Big Data and its Six Sigma Application in Manufacturing

Big Data and its Six Sigma Application in Manufacturing

By Discovery Lean Six Sigma

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As the adoption of big data technology is on the rise, we keep seeing some amazing applications in various industries. It should come as no surprise that manufacturing is one of the prime areas for development in this regard, and we’re already seeing some great improvements in many manufacturing sectors thanks to the correct application of big data practices. Of course, it’s not as simple as flicking a switch and calling it a day – it’s important to ensure that some specific aspects are in place.

Observing All details

Big data makes it easy to take a good look at the big picture while at the same time ensuring that you don’t miss out on any of the important details. You can easily “zoom in” on the data and break it down component by component, something which is very difficult to do with traditional analytical methods. At the same time, you can combine those details and cross-reference them in many new ways that were not possible in the past, giving you complete control over what you’re doing with your data.

This allows certain patterns to emerge that can be very productive in the typical manufacturing environment, leading to an increase in the output of your facilities with relatively little effort.

Gathering Data for the Future

It’s also good to consider the long-term implications of data collection, not just what you can do with the information in the immediate sense. As our analytical systems get better and better, it’s important that we preserve the old data sets we’ve already collected in the past, as we may be able to analyze them in even more detail in the near future.

That way, the data collected now can become even more relevant not too long from now, allowing those who’ve been relying on big data practices since the start to benefit the most. Of course, not all types of data are going to be relevant here, and you’re also going to need to learn to trim the excess.

Identifying Defect Causes

When you have enough historic manufacturing data gathered, it should be relatively easy to pinpoint the exact cause of each defect that comes up in the production. While you’d normally at least have some hunch about the possible issue, big data allows you to narrow down the exact cause with absolute certainty, and you can often do that by simply comparing your current data against what you’ve gathered previously.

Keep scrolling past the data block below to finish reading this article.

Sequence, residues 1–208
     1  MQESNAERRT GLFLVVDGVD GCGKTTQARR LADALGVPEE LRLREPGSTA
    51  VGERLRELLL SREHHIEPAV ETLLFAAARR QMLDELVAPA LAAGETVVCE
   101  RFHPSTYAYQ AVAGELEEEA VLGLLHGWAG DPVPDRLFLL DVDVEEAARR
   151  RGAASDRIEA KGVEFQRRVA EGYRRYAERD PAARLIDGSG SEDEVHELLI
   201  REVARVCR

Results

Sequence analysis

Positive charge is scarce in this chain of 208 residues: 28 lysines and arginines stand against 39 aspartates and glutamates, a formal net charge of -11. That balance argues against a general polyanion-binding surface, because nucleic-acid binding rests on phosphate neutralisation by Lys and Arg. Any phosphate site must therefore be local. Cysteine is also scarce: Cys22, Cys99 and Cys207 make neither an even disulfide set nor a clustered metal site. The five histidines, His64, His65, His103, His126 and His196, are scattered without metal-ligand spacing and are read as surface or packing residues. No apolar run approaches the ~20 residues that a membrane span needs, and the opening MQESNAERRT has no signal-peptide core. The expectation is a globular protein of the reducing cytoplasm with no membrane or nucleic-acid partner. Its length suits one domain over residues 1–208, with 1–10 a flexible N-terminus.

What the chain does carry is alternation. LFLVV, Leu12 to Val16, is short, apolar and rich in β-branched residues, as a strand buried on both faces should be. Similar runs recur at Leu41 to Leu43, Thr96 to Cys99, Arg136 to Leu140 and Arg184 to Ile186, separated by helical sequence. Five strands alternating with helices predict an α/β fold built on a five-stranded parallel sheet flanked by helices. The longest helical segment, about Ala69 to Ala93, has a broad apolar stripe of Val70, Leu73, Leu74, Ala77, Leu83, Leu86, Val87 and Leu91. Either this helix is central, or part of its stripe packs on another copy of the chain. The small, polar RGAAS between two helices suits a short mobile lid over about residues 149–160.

Deviations should point towards the culprit very efficiently, allowing you to focus on introducing actual improvements and bringing up the quality of your production. What’s more, you should be able to collect this data for the future and use it to prevent such issues from recurring, making big data an even more powerful tool in quality control.

Stable Quality Improvement

On that note, big data can also allow you to improve the overall quality of all production in your facility without having to guess at any step. Knowing what the values of different variables are, it should not be difficult to adjust them so that they match some perfect criteria and result in an improvement in the overall final quality.

Of course, you won’t always have a clear opportunity for these kinds of improvements, but whenever you spot a window like that, you should definitely utilize it to its full potential. After all, that’s why you’re using big data in the first place.


Big data is going to change the game for manufacturers completely at some point. It may take a while for this to happen properly, but once most companies have caught on and have started to utilize big data practices in their own production, we’re going to see a huge boom in the way manufacturing works as a whole around the world.

The post Big Data and its Six Sigma Application in Manufacturing appeared first on Shmula.

By: Shmula Contributor
Posted: August 29, 2018, 1:30 pm

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